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Google Glass and Kinect 2 – A threat to privacy?

At SpyCameraCCTV we always strive to bring our customers the most up-to-date security gadgets, and because of this we eagerly keep abreast of the latest industry news. In the last few weeks however there have been a couple of high profile stories from the world of consumer technology that may have a massive impact on covert surveillance. They give an intriguing glimpse of how we might interact with each other in the future, and how it might impact on privacy.

A user navigates the Google Glass menu screen- image by Loc Le Meur via Flickr
A user navigates the Google Glass menu screen- image by Loc Le Meur via Flickr

In early April Google announced it had started shipping the first batch of its innovative ‘Google Glass’ augmented reality headsets to a selection of lucky software Developers and Creatives. Carrying a hefty price tag of $1,500, the device aims to make countless Sci-Fi daydreams a reality by combining a head mounted digital display with a tiny camera, microphone and touch controls. The result is a compact wearable computer that can both connect to the internet and react to voice commands. Google is naturally keen to get the device into the hands of developers to highlight some of its exciting potential uses. These include overlaying directions right into your field of view, hands free text messaging and voice activated searches for information.

Of course, the feature causing the biggest stir is its ability to seamlessly record anything you are looking at using the tiny camera in the glasses’ frame. Whilst Google are vaunting the possibilities for capturing fleeting moments and easy live streaming, many have raised concerns over the implications for privacy. If tiny body worn cameras become ubiquitous, when does it become impossible to tell if you are being recorded? The issue is made even murkier by the Facial Recognition functions already planned for Glass. Even putting aside privacy issues, some have questioned how social interactions will be influenced by your friends constantly being distracted by a computer screen in their view! In fact the device has stirred up so much concern that some businesses in America have already banned their use on their premises!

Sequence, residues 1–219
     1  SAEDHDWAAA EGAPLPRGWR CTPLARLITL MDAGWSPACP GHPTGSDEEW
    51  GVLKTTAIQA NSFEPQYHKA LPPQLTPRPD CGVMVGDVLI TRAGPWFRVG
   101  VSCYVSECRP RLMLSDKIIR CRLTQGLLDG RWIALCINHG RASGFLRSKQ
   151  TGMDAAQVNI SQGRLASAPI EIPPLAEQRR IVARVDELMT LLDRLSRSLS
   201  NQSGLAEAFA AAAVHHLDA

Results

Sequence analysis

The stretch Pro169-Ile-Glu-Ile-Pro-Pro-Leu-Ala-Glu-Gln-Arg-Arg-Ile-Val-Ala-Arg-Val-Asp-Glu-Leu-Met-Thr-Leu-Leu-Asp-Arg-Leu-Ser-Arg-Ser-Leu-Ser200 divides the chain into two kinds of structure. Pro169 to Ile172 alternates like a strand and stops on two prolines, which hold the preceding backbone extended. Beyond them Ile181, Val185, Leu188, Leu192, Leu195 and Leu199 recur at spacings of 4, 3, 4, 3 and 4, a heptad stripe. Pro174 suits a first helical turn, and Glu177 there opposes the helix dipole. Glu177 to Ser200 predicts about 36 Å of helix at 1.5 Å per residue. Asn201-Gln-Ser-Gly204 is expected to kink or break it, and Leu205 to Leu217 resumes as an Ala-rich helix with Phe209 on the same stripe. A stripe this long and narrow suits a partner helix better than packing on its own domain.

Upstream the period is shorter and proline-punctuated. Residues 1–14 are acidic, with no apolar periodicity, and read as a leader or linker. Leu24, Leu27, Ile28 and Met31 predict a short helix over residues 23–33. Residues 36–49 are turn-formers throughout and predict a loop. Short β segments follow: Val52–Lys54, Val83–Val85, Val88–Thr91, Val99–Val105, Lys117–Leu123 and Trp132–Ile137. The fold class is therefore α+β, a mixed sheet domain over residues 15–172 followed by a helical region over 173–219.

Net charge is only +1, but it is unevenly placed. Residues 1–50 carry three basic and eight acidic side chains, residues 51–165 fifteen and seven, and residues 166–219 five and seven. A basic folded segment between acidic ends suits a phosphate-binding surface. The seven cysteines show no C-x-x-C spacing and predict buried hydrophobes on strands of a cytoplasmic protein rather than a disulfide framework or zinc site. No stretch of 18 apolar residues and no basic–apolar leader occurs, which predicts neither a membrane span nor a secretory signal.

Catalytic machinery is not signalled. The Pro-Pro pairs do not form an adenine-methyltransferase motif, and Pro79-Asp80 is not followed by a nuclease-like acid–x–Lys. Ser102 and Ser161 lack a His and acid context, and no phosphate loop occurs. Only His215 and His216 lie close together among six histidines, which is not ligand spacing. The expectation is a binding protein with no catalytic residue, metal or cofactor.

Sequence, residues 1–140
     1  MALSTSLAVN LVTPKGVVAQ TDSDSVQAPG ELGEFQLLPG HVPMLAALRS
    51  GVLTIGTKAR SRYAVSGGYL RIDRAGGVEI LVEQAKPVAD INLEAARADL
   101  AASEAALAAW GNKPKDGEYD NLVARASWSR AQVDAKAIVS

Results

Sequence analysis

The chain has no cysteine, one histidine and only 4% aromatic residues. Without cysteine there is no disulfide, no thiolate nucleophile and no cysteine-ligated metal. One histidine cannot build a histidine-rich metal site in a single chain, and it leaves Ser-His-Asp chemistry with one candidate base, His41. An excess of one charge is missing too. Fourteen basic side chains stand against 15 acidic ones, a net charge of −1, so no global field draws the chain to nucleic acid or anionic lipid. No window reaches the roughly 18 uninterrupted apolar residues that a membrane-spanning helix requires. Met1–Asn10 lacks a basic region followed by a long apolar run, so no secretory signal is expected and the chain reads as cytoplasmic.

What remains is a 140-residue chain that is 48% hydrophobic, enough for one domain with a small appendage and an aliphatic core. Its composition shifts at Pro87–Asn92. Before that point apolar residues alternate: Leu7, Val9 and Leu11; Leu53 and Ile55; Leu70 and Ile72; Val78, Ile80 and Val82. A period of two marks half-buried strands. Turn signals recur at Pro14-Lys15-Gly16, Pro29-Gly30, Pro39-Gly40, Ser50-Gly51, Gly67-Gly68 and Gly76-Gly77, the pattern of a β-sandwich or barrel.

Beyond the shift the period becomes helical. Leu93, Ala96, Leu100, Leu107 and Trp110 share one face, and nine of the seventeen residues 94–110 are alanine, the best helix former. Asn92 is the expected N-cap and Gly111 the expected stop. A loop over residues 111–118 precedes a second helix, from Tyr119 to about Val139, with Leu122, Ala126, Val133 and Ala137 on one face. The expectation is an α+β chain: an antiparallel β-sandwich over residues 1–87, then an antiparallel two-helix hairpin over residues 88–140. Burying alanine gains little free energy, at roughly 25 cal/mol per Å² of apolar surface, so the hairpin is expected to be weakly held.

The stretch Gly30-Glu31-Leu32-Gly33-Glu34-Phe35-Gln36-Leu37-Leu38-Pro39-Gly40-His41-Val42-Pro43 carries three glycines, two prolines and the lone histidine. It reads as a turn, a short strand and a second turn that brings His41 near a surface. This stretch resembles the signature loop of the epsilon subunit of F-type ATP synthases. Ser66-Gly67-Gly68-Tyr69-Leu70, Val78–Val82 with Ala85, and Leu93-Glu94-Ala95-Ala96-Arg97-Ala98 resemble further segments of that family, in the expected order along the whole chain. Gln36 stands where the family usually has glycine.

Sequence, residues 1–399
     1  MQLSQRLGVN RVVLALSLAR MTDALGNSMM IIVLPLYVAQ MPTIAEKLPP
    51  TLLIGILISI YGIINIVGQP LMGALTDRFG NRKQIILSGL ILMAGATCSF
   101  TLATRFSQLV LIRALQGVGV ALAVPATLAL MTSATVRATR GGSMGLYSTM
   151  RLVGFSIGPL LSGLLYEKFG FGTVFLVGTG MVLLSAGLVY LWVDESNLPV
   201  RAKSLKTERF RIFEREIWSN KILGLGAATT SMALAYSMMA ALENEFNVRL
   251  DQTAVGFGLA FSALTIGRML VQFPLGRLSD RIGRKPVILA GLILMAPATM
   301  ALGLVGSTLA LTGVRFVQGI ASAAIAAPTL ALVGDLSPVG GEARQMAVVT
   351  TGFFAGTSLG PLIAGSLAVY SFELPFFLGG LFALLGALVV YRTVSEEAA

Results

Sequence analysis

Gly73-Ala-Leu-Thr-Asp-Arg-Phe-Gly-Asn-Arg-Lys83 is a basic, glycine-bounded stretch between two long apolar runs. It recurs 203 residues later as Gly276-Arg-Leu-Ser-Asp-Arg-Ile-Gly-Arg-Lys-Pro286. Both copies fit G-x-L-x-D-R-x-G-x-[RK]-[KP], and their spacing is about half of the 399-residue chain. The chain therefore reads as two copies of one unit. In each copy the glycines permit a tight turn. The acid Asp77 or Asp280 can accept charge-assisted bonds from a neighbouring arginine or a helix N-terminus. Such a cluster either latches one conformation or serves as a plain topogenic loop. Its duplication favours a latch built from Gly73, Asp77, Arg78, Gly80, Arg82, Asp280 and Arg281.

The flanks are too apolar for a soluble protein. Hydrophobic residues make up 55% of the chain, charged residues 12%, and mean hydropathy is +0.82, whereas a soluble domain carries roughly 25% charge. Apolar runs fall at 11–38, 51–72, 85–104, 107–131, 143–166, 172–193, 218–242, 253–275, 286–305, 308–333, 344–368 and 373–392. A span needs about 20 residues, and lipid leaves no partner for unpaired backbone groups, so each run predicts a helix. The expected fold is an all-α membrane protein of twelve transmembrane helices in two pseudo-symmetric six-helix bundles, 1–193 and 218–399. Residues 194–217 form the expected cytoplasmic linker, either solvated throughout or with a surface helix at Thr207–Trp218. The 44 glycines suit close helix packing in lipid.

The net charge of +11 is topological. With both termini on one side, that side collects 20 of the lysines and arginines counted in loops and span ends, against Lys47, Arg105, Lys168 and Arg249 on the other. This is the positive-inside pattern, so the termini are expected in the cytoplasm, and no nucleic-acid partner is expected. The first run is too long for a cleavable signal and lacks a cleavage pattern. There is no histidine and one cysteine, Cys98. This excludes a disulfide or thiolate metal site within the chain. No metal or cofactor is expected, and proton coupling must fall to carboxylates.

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More recently, Microsoft has unveiled their brand new Xbox One games console. Central to its design is a next generation version of its “Kinect” motion tracking camera. The device enables the user to control the console using hand gestures and voice commands, as well as boasting more face recognition to help provide content tailored to the user (ie adverts…) . Eyebrows were raised however, when Microsoft suggested the Kinect would remain always-on, constantly recording and listening for commands. Whilst they have since revealed that certain features can be disabled, many immediately suggested more dystopian motives were at work. One patent, for example, suggests the device could be used to monitor how many people were watching a film, and demand an extra fee if it determines a license has been breached.

Most have embraced the possibilities the device allows. Others though, have pointed to laws such as the UK government’s Data Bill as an example of how such information can be used by other groups without our knowledge or consent. A way to personalise content or a gross invasion of privacy? It’s a debate we’re sure to revisit many times over…

 

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